In addition to telling people something they probably already knew, this likely means that in the non-binding judgment of the people who wrote this thing just about every ICO was an unregistered securities offering, which I think Jay Clayton has probably said a half-dozen times. (Not bitcoin though).
The last line of the Framework concludes by reminding people to hire lawyers (the bar thanks you, SEC) and consult with staff.
Anyway, perhaps in the hope of causing Crypto Twitter to literally explode from excitement, the SEC also dropped a positive response to a no-action letter request today. The letter asks the SEC to confirm it will not enforcement action against a company called TurnKey Jet for offering and selling tokens for pre-paid charter air service without registering with the SEC. The SEC agrees in this case, based on a detailed letter from TKJ’s lawyer that contains his opinion that they are not securities under Howey and its progeny. At the risk of over-simplifying this token, here’s what it is:
- A pre-paid token for charter air services
- The company will not use funds to develop the platform, network, or their app, all of which will be operational when the tokens are sold
- Tokens can’t be transferred to wallets outside of the platform
- The Tokens will be sold for a dollar each and will “represent an obligation to supply air charter services”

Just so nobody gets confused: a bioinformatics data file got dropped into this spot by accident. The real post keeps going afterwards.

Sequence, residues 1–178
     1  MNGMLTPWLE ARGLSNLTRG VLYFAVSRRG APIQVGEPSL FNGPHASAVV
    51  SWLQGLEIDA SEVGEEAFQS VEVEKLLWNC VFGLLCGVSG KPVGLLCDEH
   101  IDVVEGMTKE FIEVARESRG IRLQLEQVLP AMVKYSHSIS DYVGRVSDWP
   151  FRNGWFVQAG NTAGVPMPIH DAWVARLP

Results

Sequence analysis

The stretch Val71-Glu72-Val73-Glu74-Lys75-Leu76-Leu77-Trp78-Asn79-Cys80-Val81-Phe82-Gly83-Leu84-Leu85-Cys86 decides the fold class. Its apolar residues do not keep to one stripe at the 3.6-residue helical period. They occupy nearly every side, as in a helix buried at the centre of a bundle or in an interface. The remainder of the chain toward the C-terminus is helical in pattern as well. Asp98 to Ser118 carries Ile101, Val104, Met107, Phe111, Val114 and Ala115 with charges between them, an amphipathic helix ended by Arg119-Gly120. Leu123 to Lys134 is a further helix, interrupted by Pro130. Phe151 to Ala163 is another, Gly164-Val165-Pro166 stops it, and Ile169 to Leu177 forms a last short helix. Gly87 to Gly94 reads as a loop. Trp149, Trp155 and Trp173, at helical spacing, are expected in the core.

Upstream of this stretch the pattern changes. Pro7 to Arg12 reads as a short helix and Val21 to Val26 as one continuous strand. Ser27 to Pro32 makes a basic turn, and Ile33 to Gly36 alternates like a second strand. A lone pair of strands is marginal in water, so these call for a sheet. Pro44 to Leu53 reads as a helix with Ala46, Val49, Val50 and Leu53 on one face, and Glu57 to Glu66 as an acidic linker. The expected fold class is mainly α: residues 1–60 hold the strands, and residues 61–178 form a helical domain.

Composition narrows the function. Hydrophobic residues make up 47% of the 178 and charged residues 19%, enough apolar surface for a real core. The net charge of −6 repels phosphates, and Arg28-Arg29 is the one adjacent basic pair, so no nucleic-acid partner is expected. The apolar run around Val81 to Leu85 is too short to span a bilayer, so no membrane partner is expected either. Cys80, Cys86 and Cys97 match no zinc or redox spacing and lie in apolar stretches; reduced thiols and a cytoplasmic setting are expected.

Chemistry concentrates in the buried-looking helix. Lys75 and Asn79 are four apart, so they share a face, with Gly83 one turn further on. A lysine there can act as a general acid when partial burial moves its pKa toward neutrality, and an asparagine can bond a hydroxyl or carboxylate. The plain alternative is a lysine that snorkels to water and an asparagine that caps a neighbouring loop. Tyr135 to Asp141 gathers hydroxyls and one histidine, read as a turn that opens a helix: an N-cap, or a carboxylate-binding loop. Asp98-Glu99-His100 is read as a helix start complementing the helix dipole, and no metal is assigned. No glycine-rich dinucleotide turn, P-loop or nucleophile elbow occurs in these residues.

- The tokens can only be repurchased by TKJ at a discount to face value
- Marketing will emphasize functionality, not potential for market value increase
Why go to the trouble of using a token at all? TKJ says the technology will allow for faster payment, clearing, and provision of services and (though this will be a private and permissioned blockchain) will offer some sort of blockchain-y transparency. Could be. I mean, these folks hired a securities lawyer (a good one, judging by his letter, by the way) to write a lengthy no-action letter request and appear to be planning to use tokens and have an ongoing token sale. Honestly, I read this letter and asked myself why anyone would use blockchain to pre-sell charter air service, but these folks clearly believe and maybe that’s a bullish sign for the technology. Regardless, it’s an interesting bookend to the Framework document, because it does show you exactly what a non-security use of a token and/or token offering looks like to the SEC.
So, “what’s it all mean, Steve?” Look, I am not saying it’s a huge nothing-burger, but I am saying that the SEC just told us what it has told us many times before — we apply the law to facts and circumstances; some things are investment contracts and some things aren’t. I was asked on Bloomberg TV yesterday if this is essentially the nail in the coffin of ICO abuse or if they will come roaring back. While my crystal ball is as cloudy as March was in D.C., I think it’s fair to say that the days of out-in-the-open, big-dollar ICO pump-and-dumps — with no platform, no code, nothing but a whitepaper and a discord channel — those are dead and gone in the United States.
The Block is pleased to bring you expert cryptocurrency legal analysis courtesy of Stephen Palley (@stephendpalley). They have given The Block permission to republish their commentary and analysis in full.